The Cotonou Agreement resulted from the Lomé Agreement, which defined market access for African, Caribbean and Pacific products reaching European. The first Lomé Convention (Lomé I), which came into force in April 1976, was designed to provide a new framework for cooperation between the then European Community (EC) and developing African, Caribbean and Pacific (ACP) countries. It had two main aspects. Firstly, it provided for most ACP agricultural and mineral exports to enter the EC free of duty. Preferential access based on a quota system was agreed for products, such as sugar and beef, which competed with European agriculture. Secondly, the EC committed €3 billion for aid and investment in ACP countries. It is an agreement which takes place at the commercial level. The agreement was later amended.
The Cotonou Agreement is aimed to reduce and eventually eradicate poverty, while contributing to sustainable development and to the gradual integration of ACP countries into the world economy.
Q: Do you think that there is a big difference between what you see in the field and the perception we have here.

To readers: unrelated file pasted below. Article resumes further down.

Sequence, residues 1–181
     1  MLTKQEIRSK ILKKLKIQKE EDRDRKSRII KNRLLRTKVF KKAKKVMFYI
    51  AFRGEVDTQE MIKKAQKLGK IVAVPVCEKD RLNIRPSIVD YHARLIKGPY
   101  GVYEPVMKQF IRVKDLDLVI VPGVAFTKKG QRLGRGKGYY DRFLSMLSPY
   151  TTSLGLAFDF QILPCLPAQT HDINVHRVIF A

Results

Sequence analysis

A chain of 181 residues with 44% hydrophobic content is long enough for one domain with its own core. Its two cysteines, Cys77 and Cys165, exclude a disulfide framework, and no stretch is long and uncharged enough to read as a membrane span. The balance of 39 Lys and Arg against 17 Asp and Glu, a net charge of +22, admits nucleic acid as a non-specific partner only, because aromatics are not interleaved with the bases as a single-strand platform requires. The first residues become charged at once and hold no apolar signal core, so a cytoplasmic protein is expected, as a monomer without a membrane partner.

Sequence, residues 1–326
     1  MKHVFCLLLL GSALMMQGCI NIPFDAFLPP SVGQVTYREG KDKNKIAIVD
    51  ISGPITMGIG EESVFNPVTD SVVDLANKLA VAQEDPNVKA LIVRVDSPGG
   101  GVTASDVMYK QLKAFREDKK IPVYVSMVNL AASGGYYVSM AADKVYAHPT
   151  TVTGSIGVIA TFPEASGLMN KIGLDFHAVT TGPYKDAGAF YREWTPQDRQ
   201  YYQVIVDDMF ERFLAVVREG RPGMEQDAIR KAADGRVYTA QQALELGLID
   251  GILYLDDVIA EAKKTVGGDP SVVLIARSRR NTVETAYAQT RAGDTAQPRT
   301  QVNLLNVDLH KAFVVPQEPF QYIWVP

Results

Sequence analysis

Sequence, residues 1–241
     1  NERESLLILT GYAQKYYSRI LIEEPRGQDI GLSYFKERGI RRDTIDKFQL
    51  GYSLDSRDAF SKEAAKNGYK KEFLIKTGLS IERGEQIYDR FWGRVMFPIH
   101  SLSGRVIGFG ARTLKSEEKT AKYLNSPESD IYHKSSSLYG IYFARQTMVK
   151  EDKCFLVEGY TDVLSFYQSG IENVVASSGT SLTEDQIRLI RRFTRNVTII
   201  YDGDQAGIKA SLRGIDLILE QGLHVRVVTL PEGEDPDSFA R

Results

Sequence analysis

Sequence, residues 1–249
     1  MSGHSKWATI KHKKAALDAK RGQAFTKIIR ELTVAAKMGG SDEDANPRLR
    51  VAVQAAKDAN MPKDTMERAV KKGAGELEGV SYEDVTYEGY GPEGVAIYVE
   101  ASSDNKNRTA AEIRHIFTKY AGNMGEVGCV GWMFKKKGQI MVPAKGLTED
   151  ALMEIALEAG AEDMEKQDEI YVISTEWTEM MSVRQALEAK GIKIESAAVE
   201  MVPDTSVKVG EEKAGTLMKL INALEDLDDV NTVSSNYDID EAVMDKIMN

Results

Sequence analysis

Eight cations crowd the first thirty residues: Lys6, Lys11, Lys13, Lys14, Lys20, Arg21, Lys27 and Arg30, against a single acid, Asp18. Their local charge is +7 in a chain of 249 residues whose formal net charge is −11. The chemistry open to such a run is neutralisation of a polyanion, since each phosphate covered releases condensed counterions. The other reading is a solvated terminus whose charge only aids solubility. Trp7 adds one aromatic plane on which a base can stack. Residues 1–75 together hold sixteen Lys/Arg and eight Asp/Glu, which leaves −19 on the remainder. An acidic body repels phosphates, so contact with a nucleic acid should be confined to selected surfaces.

The African economies are similar to one another. They are based on agricultural products; part of the production is consumed locally while the rest is exported. There is economic growth, but it’s perhaps not strong enough to support regional trade. I think that one should not attack the rules and regulations, but rather to think outside the box. One should imagine new structures, an approach that would permit the country to think in new terms, with more emphasis on sub-regional and regional cooperation.
Obviously, you can have a lot of ideas but the reality on the ground is more nuanced, more complex, and here we have all the tools and the instruments. I think the main issue is perhaps the lack of willingness to see reality as it is, and to make projections of these realities.
Obviously, there are countries that advance. They have made progress but they cannot move alone. We must also take into consideration what is happening at the regional level. What happens in Mali, for example, has a direct effect on Mauritania and other neighbouring countries. I think it is not enough to talk about a country; it is better to speak of the region or the sub-region ‒‒ to have a holistic overview.
You definitely need to look at the regional and sub-regional perspective and then consider solutions and options that may, for instance, imply a stronger and more powerful African Union, as well as other stronger organizations. On these points there’s no discussion. One of the problems is the fact that the system is fragmented by different regional organizations.
Q: You’re saying that we should make a regional study.